Loom of History

Loom of History

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Product details

  • Paperback | 448 pages
  • 148.6 x 214.1 x 18.5mm | 358.34g
  • Oxford University Press
  • Oxford, United Kingdom
  • Ill.M.
  • 0195004329
  • 9780195004328

Review Text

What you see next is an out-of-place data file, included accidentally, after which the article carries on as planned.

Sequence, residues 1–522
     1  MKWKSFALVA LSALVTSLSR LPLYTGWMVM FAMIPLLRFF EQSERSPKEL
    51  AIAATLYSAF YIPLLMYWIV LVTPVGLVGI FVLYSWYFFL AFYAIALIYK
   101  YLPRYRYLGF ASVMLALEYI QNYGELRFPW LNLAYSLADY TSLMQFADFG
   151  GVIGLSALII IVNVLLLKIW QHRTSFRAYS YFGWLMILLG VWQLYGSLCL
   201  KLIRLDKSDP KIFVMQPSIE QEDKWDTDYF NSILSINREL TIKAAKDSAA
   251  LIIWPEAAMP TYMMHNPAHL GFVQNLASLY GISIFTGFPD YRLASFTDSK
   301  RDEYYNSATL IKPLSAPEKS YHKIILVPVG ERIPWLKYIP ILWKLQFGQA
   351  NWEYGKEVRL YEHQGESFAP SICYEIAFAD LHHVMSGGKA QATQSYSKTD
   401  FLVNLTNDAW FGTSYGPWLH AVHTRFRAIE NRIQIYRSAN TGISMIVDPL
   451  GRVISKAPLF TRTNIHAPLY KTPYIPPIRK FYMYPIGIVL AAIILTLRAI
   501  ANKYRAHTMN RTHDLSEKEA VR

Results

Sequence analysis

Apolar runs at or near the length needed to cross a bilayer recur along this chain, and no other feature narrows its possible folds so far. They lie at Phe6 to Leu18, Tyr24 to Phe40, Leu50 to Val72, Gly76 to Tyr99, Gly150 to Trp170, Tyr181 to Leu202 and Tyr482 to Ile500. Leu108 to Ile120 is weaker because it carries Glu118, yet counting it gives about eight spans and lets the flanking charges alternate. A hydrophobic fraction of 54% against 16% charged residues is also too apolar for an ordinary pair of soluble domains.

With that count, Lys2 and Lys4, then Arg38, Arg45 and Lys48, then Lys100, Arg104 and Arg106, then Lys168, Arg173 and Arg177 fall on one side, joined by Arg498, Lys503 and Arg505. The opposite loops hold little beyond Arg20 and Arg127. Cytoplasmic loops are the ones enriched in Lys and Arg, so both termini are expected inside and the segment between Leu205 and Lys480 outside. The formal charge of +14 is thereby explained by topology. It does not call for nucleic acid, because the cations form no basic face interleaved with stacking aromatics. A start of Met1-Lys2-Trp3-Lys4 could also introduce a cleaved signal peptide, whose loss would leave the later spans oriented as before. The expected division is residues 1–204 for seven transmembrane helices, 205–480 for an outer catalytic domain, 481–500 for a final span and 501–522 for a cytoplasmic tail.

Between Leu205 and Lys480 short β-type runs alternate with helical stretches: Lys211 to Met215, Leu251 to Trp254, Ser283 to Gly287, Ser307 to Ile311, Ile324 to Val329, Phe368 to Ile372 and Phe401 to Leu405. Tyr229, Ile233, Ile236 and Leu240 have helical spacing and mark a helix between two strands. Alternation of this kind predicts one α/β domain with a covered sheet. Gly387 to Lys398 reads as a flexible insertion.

This enchanting title will lure readers who may not be wholly prepared for a serious study of Asia Minor and its contribution to world civilization. His Uses of the Past (Oxford & New American Library) will have briefed alert students of the area on the profiles of former societies which are further expanded in the new study. Fragments of vanished civilizations are available to today's scholars - and Professor Muller has gone back to the Bronze Age in his extensive exploration of the sources. Asia Minor is viewed as bridge and battleground, and the successive influences and contributions weighed as East and West came into conflict. He concentrates on the cities, but not to the exclusion of the countryside - using them perhaps as symbols of periods and cultures. Where archaeology has revealed the historic bases of myths and legends, he has made them part of his historical survey. The Hittites - only newly reassessed as to the scope of their influence; the Phrygians, the Lydians, the Persians, the Greeks- and the contribution made by each, take their place in the march of history. Muller's recurrent theme seems to be that the Greeks, as the first to embark on the adventure in freedom, launched the greatest world drama in history and were a far greater factor than Christianity (here and at various other points he differs sharply from Toynbee). The triumph of Mohammedanism comes as a relatively late phase and provides the last sections of the study, as he traces the establishment of Islam in Anatolia, where the Seljuk Turks prepared the way for the Ottoman Turks who brought all Asia Minor under the Moslems. In Mohammed he finds a stronger historical foundation than Christianity can claim. He analyzes throughout the interdependence of Christianity on Judaism, on paganism, on the classical world; he feels that it might-after 300 years-have fallen into desuetude had not Constantine imposed it as a state religion and established the Byzantine Empire, with its positive and negative contributions to history. In a brief paragraph it is impossible to compass the scope of the material, the challenge of the argument, the interpretation of events and personalities. It is a rich tapestry, and with the vital importance of Asia Minor in the current scene, it fills the gaps in our knowledge of vanished glories, and closely interwoven strands of influences drawn from both East and West. (Kirkus Reviews)show more